'Const. Scarecrow:' Lloydminster orders cardboard traffic cops to scare speeders
Decoy officers resulted in 50% speed reduction in Coquitlam, B.C.
They can't pull you over, but they may give speeding drivers a fright.
The City of Lloydminster, which straddles the border of Alberta and Saskatchewan, has ordered $500 cardboard traffic cop decoys to remind drivers to slow down.
The cardboard cutouts, which depict an officer holding a radar gun, were tested in a Coquitlam, B.C., pilot project to great success. Coquitlam said the decoys resulted in a 50 per cent reduction in speeding drivers, but acknowledged that number may drop as drivers get used to the initiative.
"They shared their data with us and we think it's something we can do here and hopefully we'll see the same results," said Glenn Alford, Lloydminster's manager of public safety.
"The goal is to just raise awareness and make people think about it when they're going through our city."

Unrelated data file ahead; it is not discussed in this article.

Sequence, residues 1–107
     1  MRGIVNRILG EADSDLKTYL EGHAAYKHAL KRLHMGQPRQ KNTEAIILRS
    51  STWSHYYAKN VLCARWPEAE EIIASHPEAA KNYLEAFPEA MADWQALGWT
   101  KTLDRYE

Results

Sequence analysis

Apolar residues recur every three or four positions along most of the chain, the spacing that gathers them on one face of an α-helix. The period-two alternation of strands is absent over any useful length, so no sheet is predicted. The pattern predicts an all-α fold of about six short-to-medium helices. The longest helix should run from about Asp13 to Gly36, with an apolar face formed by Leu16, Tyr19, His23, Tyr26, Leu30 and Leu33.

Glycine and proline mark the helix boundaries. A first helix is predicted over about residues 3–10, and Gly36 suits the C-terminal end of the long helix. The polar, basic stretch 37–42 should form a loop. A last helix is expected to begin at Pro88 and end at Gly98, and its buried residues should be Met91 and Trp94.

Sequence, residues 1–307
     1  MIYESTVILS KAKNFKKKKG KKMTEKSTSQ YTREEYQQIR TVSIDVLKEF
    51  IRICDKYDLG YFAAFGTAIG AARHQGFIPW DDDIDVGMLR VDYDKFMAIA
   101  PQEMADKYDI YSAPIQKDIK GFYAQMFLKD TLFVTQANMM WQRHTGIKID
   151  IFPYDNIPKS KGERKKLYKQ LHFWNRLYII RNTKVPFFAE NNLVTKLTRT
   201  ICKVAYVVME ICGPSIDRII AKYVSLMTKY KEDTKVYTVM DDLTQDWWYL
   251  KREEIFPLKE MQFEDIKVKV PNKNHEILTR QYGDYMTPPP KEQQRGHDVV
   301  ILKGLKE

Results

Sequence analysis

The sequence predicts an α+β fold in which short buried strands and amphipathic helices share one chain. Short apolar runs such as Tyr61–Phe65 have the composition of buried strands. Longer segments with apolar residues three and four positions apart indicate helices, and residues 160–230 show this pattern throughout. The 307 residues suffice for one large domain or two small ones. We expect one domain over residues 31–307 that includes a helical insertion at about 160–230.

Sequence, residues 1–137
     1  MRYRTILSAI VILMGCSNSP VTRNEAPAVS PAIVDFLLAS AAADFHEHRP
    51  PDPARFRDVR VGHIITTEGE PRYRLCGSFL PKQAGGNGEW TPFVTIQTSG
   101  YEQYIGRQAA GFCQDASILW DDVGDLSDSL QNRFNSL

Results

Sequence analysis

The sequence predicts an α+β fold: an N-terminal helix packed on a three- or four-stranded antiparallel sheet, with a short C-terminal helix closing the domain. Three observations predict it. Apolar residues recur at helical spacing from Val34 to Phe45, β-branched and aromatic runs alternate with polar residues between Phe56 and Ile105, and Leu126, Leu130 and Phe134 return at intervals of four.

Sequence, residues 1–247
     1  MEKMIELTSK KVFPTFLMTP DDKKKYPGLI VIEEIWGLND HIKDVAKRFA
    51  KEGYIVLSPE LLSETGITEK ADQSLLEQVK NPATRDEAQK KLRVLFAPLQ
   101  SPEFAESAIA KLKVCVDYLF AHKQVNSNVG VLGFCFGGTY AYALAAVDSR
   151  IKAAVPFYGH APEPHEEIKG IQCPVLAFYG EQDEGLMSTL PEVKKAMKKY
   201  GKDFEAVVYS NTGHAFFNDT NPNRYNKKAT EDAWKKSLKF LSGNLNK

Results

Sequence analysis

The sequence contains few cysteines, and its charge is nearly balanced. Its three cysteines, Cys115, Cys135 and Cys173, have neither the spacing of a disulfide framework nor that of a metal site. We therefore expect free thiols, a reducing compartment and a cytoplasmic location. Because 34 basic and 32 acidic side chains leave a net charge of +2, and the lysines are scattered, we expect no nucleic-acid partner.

In Coquitlam, the cardboard officers are sometimes deployed alongside their living and breathing counterparts — to surprise offenders with a warning or ticket.
That's something Alford said Lloydminster may duplicate.
"We tend to mimic what they've been doing because of the success they've had."
He said the city hopes the cutouts will be a cost-effective way to make drivers more aware of their speed.
The cutouts — dubbed "Const. Scarecrow" — will initially be deployed in playgrounds and school zones, but the city will also look at placing them anywhere speeding is an issue.
Calgary police say they don't currently have plans to deploy decoy officers.
With files from CBC Calgary News at 6